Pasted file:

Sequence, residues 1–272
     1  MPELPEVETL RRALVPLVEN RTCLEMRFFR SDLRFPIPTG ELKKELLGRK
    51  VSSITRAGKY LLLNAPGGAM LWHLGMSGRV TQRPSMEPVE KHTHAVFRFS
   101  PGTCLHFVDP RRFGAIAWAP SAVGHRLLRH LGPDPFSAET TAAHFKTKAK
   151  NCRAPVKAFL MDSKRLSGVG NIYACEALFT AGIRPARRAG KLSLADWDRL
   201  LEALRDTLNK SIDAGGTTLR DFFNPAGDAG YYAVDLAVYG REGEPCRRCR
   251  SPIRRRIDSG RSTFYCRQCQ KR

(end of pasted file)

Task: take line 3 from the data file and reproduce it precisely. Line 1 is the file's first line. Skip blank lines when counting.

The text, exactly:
    51  VSSITRAGKY LLLNAPGGAM LWHLGMSGRV TQRPSMEPVE KHTHAVFRFS